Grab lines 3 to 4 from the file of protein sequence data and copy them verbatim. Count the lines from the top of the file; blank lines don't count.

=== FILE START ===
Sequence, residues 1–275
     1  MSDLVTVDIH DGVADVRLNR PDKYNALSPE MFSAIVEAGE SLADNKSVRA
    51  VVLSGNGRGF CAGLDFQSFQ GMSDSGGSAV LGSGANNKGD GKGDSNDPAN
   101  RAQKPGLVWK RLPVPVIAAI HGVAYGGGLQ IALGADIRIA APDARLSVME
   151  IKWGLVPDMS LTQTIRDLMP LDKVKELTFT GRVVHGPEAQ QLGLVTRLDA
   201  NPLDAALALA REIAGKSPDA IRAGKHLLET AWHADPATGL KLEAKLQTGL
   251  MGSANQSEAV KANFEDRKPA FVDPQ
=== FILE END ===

    51  VVLSGNGRGF CAGLDFQSFQ GMSDSGGSAV LGSGANNKGD GKGDSNDPAN
   101  RAQKPGLVWK RLPVPVIAAI HGVAYGGGLQ IALGADIRIA APDARLSVME